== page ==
On 13 March 2023, the Minister of Higher Education, Science and Innovation, Blade Nzimande, announced plans to launch two hybrid rockets, the Phoenix 1-C and Phoenix 1-D, developed by students at the University of KwaZulu Natal’s Aerospace Research Institute (ASRI). The Minister added that the launch would occur between 13-17 March at the Denel Overberg Test Range in the Western Cape. The Department of Science and Innovation (DSI) funds the space programme at the University of KwaZulu Natal’s Aerospace Research Institute (ASRI).
Subsequently, Phoenix-1C and Phoenix-1D have been successfully launched from the Overberg Test Range. Phoenix-1C launched on 14 March 2023 was a low-altitude rocket carrying experimental payloads for the Durban University of Technology, the Cape Peninsula University of Technology, and the South African National Space Agency. It has a 5 -10km target and expects to recover its nose cone under a parachute.
Check here to watch the lift-off of Phoenix-1C from the Overberg Testing Range in Arniston.
Furthermore, Phoenix-1D launched on 13 March 2023, was a higher-altitude rocket, and weather-permitting launched over the Indian Ocean, unrecovered, to be tracked by radar from lift-off to ocean impact. If conditions are good, the Phoenix-1D was expected to attain an altitude of up to 25 km.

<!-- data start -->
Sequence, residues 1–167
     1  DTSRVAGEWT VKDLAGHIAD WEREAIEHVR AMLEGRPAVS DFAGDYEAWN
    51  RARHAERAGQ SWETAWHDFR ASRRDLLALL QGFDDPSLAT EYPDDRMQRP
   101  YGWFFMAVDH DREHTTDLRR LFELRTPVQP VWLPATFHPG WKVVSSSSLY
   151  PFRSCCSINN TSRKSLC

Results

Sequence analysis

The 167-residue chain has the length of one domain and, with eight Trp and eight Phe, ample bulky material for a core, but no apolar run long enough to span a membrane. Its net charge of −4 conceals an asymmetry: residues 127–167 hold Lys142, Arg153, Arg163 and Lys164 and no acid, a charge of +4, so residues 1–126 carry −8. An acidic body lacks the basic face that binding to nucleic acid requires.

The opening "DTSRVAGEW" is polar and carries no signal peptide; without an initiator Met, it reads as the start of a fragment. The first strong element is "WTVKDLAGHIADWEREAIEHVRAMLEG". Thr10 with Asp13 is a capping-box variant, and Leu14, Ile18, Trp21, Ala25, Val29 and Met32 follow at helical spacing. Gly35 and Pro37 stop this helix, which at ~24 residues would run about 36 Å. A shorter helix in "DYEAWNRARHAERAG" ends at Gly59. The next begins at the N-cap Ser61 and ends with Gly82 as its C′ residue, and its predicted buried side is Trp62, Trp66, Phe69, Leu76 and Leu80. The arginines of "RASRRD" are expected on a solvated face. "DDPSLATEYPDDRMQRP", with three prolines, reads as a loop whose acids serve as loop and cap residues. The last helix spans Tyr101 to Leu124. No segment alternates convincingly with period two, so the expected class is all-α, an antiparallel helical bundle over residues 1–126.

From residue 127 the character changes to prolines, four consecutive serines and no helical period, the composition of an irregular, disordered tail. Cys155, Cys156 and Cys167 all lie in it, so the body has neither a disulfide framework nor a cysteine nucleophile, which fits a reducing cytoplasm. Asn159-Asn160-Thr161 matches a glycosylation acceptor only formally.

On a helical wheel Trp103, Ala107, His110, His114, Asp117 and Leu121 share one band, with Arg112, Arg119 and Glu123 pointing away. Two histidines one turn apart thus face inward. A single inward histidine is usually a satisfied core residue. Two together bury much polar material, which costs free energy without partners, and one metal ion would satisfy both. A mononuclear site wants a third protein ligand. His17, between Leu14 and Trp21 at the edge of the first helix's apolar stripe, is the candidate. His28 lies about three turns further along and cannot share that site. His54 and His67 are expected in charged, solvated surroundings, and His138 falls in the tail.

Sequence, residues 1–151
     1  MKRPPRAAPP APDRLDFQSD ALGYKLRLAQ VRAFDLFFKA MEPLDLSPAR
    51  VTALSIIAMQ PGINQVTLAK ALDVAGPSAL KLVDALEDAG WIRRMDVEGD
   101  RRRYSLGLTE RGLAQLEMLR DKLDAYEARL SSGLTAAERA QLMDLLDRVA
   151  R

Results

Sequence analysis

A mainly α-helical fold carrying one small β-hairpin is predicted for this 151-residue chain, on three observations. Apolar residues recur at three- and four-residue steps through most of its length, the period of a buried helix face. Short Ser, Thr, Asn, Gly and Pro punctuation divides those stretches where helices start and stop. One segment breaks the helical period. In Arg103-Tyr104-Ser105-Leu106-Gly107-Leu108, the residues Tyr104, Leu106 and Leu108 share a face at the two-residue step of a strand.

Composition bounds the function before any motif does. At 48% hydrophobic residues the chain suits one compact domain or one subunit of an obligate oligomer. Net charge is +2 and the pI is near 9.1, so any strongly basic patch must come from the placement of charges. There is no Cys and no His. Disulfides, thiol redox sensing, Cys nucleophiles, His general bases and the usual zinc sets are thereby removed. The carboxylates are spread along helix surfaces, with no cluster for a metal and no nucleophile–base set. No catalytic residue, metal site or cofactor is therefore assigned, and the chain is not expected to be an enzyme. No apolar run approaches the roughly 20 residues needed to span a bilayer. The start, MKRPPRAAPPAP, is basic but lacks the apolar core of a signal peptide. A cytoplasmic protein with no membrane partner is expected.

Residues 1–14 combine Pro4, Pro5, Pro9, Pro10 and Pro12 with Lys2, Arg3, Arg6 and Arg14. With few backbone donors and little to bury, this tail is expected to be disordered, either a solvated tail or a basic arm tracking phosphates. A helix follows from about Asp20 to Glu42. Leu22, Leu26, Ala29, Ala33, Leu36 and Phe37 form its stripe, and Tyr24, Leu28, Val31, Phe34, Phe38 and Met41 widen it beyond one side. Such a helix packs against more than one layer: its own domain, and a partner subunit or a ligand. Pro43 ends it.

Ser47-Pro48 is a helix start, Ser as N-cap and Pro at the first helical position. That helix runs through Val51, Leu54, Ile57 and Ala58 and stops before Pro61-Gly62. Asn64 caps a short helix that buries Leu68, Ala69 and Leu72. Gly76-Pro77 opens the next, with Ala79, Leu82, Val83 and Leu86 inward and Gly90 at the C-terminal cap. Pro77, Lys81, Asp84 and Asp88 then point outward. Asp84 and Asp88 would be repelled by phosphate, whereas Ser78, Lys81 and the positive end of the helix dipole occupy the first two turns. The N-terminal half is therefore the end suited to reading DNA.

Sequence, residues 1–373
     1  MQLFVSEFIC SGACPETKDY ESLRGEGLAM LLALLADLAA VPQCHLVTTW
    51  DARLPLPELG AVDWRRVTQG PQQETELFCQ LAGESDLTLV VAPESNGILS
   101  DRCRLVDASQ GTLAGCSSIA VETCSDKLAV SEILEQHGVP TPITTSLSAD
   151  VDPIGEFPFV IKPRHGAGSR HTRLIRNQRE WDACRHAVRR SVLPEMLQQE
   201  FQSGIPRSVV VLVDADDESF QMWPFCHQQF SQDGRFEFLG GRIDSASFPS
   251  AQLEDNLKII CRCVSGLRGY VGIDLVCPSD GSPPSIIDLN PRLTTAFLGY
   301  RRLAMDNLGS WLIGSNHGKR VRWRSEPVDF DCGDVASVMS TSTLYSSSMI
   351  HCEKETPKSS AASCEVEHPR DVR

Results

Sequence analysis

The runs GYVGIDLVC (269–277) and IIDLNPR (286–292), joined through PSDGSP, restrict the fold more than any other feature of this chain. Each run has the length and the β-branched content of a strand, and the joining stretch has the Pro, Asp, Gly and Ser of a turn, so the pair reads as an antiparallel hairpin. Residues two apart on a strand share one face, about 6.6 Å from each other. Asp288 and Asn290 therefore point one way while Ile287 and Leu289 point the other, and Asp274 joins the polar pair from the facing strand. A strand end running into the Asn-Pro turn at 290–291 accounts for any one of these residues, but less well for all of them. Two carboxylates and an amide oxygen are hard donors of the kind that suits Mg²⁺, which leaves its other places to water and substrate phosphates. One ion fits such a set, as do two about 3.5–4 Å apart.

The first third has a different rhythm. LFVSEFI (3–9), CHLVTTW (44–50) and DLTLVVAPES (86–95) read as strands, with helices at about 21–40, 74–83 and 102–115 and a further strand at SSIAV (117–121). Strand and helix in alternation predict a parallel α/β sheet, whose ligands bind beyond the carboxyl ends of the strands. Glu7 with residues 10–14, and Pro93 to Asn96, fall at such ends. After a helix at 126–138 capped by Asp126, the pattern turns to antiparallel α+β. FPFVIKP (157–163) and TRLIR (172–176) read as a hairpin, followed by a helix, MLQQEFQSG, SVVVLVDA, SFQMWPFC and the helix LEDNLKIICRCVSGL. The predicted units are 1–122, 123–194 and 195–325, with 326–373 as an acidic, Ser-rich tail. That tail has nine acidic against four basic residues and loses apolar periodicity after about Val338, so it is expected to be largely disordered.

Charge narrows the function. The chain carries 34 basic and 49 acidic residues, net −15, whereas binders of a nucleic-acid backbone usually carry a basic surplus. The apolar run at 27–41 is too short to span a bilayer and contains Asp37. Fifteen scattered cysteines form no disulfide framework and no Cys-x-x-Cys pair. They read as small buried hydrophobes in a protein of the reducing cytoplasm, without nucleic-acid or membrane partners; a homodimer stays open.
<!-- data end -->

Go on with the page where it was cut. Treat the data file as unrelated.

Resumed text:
During his address following the launch, the Minister commended the efforts of the mechanical engineering students at the UKZN driving the innovative programme which resulted in successful launches. In addition, the Minister reiterated how South Africa had broken a record in their launch of Phoenix-1B Mark IIr sounding rocket in March 2021, where it travelled 17.9km into the air achieving a new African hybrid rocket altitude record. The 2021 launch was integral to South Africa’s satellite engineering and development of the country’s rocket launch capabilities. Nzimande also pointed to the role of past failures in improving their knowledge where in the past, Phoenix-1A experienced nozzle failure then, the Phoenix -1B experienced software failure. The Phoenix-1B Mark IIr hybrid rocket was developed by postgraduate students under the supervision of ASReG, reaching almost 18 km and a velocity of twice the speed of sound,” Nzimande said.
Nzimande added that the continued advancement and sustainability of the industry would also present opportunities to turn South Africa into a knowledge-based economy, to promote human capacity development and a launching capability in particular, and to play a key role in implementing an African space policy and strategy.
The Minister reiterated the need to ensure the long-term progression and sustainability of the South African space industry and unlock dedicated investment for exploring the country’s capabilities.
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